How bomb threat suspect evaded capture for so long

Suspect in bomb threats against Jewish institutions used Bitcoin and advanced technologies to hide his identity until he got careless.

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JTA and Arutz Sheva Staff,

Suspect in JCC bomb threats in court
Suspect in JCC bomb threats in court
REUTERS

The Israeli-American suspected of perpetrating more than 100 bomb threats against Jewish institutions used technologies including Google Voice, a call forwarding service, and Bitcoin, a digital currency, to make the threats.

According to an article in The Daily Beast, Israel’s anti-fraud squad arrested the 19-year-old suspect at his home in southern Israel and searched the premises on Thursday. He also is accused of a series of threats made in Europe, Australia and New Zealand in the past six months, according to reports in Israel. He also is reported to have called in threats to the Israel Police two months ago regarding Israeli educational institutions.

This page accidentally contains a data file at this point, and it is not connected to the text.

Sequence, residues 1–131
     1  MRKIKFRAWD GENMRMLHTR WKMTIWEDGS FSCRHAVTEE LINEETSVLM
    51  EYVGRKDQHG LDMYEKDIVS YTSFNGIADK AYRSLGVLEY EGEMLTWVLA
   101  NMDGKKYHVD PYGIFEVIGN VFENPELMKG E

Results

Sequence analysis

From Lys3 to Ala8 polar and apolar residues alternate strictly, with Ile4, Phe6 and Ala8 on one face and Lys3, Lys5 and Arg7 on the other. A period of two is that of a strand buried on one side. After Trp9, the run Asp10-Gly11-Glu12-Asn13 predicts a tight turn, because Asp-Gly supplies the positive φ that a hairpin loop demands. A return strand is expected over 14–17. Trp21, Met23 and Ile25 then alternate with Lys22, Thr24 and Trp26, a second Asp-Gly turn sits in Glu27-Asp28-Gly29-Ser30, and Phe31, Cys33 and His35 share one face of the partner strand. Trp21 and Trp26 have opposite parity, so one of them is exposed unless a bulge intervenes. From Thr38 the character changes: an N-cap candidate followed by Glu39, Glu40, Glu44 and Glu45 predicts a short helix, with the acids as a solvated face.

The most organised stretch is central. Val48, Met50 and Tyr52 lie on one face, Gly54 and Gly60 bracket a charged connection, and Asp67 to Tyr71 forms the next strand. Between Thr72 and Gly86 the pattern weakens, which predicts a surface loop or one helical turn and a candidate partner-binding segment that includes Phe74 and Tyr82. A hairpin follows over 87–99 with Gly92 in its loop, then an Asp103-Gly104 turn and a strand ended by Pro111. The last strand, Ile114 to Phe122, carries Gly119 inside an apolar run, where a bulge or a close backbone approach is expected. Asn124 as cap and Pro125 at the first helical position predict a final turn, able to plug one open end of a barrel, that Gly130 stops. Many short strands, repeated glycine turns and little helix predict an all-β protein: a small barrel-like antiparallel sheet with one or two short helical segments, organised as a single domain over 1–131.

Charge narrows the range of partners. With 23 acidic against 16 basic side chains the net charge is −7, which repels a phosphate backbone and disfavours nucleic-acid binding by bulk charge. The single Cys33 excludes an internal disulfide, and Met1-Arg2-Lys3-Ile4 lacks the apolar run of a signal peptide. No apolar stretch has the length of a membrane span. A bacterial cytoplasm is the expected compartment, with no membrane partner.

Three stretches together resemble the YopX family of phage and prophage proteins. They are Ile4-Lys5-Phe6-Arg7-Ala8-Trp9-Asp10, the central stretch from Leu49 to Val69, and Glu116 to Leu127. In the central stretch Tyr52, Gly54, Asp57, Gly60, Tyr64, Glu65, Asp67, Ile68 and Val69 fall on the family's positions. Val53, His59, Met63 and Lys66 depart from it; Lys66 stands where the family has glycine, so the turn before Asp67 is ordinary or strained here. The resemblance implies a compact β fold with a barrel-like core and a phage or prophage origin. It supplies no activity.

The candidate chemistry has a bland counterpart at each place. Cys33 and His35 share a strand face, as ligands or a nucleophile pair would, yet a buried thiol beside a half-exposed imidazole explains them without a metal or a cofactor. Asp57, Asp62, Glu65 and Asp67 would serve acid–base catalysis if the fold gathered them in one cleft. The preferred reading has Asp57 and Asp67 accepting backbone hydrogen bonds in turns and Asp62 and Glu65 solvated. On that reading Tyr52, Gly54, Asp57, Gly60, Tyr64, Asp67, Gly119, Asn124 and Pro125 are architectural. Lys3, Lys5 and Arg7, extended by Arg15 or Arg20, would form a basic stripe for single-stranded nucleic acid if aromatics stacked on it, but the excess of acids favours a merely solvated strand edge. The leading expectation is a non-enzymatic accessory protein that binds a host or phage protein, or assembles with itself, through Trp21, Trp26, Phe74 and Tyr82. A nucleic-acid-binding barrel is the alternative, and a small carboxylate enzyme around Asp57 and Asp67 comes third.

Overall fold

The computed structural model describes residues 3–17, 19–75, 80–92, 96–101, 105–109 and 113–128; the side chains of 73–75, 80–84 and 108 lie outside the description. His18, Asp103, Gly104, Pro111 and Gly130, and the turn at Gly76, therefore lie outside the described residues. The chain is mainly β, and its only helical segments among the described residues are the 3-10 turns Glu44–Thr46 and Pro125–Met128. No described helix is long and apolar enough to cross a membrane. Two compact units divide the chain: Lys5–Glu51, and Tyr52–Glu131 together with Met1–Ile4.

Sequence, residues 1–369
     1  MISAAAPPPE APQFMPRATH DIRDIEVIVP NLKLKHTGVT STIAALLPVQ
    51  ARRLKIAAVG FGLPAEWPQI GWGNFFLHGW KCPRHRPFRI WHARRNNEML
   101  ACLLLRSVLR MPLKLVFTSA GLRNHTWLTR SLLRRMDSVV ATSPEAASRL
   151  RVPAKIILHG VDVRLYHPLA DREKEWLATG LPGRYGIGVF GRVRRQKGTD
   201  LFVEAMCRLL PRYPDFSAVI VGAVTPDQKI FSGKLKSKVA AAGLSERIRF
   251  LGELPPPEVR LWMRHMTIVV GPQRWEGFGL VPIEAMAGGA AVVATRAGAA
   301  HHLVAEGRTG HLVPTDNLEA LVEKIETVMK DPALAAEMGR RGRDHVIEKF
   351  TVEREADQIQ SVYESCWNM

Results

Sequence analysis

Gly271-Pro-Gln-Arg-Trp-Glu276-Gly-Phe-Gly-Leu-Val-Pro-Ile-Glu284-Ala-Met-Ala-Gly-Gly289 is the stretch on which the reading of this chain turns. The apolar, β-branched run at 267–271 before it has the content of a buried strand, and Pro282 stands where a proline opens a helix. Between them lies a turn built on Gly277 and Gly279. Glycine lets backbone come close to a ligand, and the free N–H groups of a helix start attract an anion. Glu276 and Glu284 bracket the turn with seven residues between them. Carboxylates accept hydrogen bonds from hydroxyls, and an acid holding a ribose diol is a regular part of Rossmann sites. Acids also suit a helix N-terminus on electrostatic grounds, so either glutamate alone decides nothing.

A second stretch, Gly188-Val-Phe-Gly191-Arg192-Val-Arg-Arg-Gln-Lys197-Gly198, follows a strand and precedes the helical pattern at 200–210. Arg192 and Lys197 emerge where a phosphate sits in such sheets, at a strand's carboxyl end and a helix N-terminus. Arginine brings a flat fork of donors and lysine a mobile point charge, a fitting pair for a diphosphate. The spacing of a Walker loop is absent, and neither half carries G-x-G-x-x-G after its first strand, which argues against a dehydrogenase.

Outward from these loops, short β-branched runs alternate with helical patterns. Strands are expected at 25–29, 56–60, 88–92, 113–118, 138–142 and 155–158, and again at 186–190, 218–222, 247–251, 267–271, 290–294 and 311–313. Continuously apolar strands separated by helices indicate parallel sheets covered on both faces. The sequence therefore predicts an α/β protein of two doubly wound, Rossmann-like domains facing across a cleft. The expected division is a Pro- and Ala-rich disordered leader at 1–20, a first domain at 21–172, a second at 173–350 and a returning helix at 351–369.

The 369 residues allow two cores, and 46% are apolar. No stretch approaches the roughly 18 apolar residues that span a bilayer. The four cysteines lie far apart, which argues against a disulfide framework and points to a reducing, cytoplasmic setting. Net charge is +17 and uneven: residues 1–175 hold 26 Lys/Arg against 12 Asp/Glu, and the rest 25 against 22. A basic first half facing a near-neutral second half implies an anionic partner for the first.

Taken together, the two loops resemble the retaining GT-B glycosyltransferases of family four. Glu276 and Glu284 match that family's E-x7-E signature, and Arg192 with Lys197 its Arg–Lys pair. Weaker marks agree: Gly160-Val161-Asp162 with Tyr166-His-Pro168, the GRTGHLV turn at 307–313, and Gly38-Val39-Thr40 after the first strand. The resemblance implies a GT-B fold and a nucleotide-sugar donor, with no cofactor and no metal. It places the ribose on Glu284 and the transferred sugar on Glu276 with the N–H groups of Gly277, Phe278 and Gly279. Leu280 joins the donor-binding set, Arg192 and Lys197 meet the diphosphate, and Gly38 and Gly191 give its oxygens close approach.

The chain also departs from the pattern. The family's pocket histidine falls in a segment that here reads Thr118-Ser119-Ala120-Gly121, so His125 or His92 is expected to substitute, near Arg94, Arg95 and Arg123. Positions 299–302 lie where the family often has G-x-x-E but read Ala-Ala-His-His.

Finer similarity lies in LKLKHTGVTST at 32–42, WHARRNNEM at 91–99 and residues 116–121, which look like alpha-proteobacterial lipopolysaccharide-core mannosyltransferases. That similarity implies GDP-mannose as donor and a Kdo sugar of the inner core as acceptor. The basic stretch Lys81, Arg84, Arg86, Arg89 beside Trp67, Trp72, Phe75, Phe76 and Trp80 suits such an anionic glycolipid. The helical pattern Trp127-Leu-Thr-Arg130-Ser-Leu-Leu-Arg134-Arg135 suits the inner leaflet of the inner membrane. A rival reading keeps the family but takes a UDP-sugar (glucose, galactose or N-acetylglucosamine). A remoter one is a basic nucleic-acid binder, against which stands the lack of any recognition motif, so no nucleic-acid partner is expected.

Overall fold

To mask his identity, the suspect used a technology called SpoofCard that masks a number’s caller ID, according to the Daily Beast. When police subpoenaed SpoofCard’s parent company to trace the call’s real number, they learned that he had called from a disposable Google Voice number.

He paid for SpoofCard through Bitcoin, also untraceable, and routed his internet through proxies, making his IP address untraceable as well. In addition, he masked his voice in the calls to sound like a woman.

The suspect was caught after he forgot to trace his internet connection through a proxy server, allowing police to trace his IP address, which led to his home.

According to the suspect's lawyer, he has suffered from a brain tumor since the age of 14, which affects his behavior.